Social media postings can be used against litigants in custody disputes where the appropriateness of the parents’ behavior is at issue. Hence, postings of litigants that are of a sexual nature or show behavior such as drinking and/or drug use, or otherwise questionable behavior could become an issue in a custody dispute. For instance, in the 2012 decision of Y.A.B. v. A.C.B. the defendant was denied parenting time by the plaintiff who asserted that defendant’s drinking put the children at risk. Among the evidence used against defendant were photos that defendant posted on Facebook showing him partying at a bar. The Court did not believe the defendant’s claim that he was in the bar, but that he was not drinking and that he was photographed holding a friend’s beer.
Social media postings have also been commonly used in the context of domestic violence cases. If a restraining order is entered, a defendant clearly would not want to comment about the victim on social media or contact the victim via social media. In the context of domestic violence cases, social media postings are used against litigants to determine whether a restraining order will be entered. In the 2011 matter of M.A. v. D.M.A., the plaintiff sought a final domestic violence restraining order, based on behavior of the defendant such as killing the plaintiff’s dog, theft of her jewelry, and a burn with a cigarette lighter. However, the plaintiff posted a message on her Facebook page indicating that she was only seeking a domestic violence restraining order because her mother wanted her to do so. The Appellate Division reversed the entry of a final domestic violence restraining order against defendant. In the case of In re Picorelli, the plaintiff “K.C.” obtained a temporary domestic violence restraining order against the defendant who posted a message on social media threatening revenge on “K.C.” and others. Defendant claimed that K.C. was not the plaintiff but a member of an online gaming community. The court did not believe the defendant and a final restraining order was entered. In the 2012 case of J.S. v. D.S., defendant’s Facebook posts accusing the plaintiff of having multiple personalities and “the ability to create problems’ were among the evidence used against the defendant. The trial judge found that these Facebook posts, when considered with the defendant’s other actions, were a reason for the plaintiff to have been alarmed. The Appellate Division reversed, reasoning that the defendant’s Facebook posts were “nothing to be proud of” but they were the ramblings of a disgruntled ex-boyfriend, and did not arise to the level of being objectively alarming or seriously annoying.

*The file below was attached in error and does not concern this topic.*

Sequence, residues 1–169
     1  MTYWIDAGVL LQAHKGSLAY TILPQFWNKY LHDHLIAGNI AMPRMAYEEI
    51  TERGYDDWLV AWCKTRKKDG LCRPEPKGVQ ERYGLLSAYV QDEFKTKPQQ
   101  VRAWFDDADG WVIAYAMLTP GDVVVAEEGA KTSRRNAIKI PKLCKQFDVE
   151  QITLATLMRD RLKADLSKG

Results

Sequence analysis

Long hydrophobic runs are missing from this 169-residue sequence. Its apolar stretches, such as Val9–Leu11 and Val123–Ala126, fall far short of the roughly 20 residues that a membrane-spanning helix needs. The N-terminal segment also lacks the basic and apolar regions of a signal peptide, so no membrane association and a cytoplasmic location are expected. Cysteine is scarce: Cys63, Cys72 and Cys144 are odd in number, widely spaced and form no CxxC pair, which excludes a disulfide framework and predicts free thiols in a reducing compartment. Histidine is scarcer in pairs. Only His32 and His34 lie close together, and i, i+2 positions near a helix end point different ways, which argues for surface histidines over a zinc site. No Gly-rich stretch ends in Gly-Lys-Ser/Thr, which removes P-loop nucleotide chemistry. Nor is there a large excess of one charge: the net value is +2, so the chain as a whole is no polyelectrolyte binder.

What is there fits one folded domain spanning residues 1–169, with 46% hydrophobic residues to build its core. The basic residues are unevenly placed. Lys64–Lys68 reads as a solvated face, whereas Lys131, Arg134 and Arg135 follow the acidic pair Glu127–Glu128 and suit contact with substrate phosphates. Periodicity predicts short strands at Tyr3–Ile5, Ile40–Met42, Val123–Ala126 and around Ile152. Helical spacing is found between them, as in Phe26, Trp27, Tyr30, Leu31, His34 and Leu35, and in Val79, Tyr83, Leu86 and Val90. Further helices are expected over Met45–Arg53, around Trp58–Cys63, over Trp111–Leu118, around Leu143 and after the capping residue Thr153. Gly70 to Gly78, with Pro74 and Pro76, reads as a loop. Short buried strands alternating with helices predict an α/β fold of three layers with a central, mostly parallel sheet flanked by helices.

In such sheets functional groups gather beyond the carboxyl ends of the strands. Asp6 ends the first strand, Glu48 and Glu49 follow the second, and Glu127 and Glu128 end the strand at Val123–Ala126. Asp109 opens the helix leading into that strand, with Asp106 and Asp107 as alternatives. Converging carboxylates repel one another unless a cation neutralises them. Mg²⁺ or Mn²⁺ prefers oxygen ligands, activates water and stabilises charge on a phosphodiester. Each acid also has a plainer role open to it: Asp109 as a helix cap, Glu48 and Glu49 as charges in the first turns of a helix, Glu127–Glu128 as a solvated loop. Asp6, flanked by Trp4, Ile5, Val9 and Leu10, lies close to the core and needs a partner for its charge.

When going through a family dispute, it may be a wise decision to avoid social media. If you cannot do so, be cautious about what is posted, and consider how the photos and/or statements you make on social media could be construed or misconstrued by a court. Adjust your privacy settings to maintain close control and scrutiny over who can see your posts. Remain cautious about those with whom you interact on social media; some people may not be who they say they are and may be gathering information or spying. Talk to friends and family about what they are posting about you. Be cautious about the comments you make on social media. What you say can be used against you.